Document Detail


Sudden infant death syndrome (SIDS): microgravity and inadequate sensory stimulation.
MedLine Citation:
PMID:  16377097     Owner:  NLM     Status:  MEDLINE    
Abstract/OtherAbstract:
In early gestation, the human foetus develops in a buoyant environment, which is similar to the near-weightlessness of space flight. After the 26th week of gestation, the foetus gradually becomes exposed to gravitational forces. The influence of fluid immersion declines as the weight of the foetus increases. In this way, the foetus adapts and trains for the gravity environment after birth. Failure of gravitational loading in the last trimester of pregnancy delays development and maintains the pathophysiological environment of microgravity as experienced by the astronaut in space flight. The deconditioning effects of microgravity during space flight are the reverse processes of intrauterine development after the 26th week when the foetus begins training body processes for adaptation to an earthly environment. Growth requires space and movement, which suggests that a growth-retarded foetus may have been deprived of the mechanical dimension of uterine wall pressure, and, in twins, the smaller sibling may have been deprived of space. The behaviour of a study group of sudden infant death syndrome infants suggested a continuation of the effects of the foetal akinesia syndrome during the third trimester period of gestation. NASA research into the pathophysiology of microgravity was based on a simple insight: that the physiological effects of human space travel were virtually identical to the adjustments the body makes when lying down. This is the same environment as that of the human foetus in the first 22 weeks of gestation after which the uterine environment becomes a prelude to adaptations to the force of gravity.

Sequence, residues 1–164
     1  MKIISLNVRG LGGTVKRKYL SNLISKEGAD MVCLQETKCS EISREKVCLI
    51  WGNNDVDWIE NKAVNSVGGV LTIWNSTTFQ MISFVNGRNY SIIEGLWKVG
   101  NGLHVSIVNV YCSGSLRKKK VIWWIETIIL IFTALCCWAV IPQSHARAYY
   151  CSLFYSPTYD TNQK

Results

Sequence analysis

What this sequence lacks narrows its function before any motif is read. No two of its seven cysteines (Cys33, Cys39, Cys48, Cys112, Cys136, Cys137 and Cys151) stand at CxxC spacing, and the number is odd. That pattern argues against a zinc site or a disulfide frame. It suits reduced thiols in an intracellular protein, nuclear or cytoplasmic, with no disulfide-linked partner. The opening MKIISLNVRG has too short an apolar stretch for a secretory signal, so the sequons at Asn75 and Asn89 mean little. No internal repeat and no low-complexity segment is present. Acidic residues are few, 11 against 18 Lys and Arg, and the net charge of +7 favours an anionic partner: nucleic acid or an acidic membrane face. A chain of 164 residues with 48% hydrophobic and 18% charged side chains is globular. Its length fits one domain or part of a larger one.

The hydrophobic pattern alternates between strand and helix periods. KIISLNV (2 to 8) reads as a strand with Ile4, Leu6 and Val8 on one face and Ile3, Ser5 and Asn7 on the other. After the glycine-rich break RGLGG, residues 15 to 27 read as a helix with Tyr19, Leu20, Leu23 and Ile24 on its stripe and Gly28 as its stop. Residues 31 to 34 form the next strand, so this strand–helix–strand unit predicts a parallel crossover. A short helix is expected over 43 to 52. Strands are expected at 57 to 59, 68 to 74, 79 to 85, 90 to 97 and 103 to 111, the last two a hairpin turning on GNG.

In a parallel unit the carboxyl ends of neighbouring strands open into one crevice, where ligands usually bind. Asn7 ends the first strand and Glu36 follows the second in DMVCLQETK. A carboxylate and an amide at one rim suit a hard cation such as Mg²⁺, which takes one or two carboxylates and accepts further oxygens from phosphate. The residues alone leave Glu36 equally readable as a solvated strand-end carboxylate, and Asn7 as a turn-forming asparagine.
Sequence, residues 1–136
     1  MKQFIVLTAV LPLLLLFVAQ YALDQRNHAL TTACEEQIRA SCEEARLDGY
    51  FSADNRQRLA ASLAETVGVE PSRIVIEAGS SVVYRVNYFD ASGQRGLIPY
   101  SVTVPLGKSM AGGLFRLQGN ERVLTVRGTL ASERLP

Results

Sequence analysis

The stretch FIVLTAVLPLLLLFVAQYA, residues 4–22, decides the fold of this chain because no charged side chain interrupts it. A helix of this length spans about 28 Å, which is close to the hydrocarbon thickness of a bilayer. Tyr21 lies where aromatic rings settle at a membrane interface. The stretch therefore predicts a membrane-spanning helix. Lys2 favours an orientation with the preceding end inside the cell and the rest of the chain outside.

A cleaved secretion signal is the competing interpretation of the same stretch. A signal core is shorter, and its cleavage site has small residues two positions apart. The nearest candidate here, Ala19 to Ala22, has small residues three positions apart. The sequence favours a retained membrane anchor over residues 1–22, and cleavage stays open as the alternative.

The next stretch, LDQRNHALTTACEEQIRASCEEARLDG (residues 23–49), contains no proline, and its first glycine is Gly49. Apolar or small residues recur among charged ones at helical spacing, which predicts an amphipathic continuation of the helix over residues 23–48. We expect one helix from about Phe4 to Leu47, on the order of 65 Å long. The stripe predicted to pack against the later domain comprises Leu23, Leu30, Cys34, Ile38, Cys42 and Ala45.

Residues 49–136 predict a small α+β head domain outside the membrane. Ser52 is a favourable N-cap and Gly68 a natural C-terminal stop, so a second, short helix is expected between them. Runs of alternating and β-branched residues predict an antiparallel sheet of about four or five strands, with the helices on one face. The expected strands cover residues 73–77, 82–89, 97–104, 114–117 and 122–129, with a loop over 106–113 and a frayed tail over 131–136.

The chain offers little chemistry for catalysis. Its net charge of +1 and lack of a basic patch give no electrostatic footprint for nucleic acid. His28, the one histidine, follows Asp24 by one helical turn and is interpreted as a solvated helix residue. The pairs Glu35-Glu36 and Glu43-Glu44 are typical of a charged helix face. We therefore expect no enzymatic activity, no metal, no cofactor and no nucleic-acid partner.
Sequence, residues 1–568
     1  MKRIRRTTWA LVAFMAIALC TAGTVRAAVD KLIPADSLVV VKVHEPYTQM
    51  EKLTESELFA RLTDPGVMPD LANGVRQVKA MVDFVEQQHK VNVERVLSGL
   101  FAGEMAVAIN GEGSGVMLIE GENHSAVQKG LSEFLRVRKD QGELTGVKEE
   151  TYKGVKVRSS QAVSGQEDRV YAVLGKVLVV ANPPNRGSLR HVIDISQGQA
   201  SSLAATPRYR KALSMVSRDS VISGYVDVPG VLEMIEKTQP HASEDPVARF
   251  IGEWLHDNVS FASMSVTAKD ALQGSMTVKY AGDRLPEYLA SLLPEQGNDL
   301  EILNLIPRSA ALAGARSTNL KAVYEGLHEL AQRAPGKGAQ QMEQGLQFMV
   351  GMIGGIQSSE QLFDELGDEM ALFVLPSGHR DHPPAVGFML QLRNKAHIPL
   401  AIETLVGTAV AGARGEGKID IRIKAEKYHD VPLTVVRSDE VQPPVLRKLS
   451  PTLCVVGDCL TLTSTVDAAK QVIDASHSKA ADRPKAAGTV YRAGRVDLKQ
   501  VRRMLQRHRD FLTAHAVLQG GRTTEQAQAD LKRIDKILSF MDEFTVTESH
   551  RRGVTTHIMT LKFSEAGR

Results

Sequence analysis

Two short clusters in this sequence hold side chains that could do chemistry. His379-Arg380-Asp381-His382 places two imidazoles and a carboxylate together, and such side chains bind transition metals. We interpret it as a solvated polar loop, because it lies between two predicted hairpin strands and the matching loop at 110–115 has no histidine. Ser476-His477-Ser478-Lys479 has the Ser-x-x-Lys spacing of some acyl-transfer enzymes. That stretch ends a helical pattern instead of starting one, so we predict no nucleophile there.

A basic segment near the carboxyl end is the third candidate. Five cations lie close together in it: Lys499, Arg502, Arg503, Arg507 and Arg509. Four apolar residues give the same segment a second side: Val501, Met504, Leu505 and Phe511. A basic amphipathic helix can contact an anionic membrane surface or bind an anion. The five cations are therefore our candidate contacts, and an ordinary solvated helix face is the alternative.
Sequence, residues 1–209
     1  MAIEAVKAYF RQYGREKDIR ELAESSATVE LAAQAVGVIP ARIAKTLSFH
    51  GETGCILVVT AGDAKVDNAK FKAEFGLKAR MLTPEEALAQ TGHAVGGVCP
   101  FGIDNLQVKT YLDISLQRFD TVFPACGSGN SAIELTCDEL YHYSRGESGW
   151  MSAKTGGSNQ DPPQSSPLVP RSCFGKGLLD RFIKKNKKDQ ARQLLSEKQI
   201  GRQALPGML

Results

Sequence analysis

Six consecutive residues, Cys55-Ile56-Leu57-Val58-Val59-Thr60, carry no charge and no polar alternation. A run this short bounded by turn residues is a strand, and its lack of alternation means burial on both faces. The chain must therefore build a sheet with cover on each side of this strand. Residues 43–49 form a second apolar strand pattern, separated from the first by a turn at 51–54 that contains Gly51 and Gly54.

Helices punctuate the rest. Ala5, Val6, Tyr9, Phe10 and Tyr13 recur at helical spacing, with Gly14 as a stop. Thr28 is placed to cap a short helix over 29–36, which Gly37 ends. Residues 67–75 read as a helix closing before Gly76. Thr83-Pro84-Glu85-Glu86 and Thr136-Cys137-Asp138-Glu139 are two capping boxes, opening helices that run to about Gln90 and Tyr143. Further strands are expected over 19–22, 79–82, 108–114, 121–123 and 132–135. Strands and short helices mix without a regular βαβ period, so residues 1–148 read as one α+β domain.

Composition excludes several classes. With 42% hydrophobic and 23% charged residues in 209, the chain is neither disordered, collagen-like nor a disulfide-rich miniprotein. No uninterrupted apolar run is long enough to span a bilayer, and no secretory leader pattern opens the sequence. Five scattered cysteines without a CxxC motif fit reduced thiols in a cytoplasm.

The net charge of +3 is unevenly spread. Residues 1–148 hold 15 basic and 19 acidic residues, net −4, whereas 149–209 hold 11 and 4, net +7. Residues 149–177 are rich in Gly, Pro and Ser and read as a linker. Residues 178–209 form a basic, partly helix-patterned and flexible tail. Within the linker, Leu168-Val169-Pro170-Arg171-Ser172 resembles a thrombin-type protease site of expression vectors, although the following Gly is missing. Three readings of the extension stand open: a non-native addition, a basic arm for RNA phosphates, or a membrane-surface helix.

Authors:
G M Reid
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Publication Detail:
Type:  Journal Article     Date:  2005-12-27
Journal Detail:
Title:  Medical hypotheses     Volume:  66     ISSN:  0306-9877     ISO Abbreviation:  Med. Hypotheses     Publication Date:  2006  
Date Detail:
Created Date:  2006-02-13     Completed Date:  2006-05-25     Revised Date:  -    
Medline Journal Info:
Nlm Unique ID:  7505668     Medline TA:  Med Hypotheses     Country:  Scotland    
Other Details:
Languages:  eng     Pagination:  920-4     Citation Subset:  IM    
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MeSH Terms
Descriptor/Qualifier:
Adaptation, Physiological*
Female
Humans
Infant, Newborn
Physical Stimulation / methods*
Placenta / physiopathology
Sensation*
Space Flight
Sudden Infant Death / etiology*
Uterus / physiopathology*
Weightlessness / adverse effects

From MEDLINE®/PubMed®, a database of the U.S. National Library of Medicine


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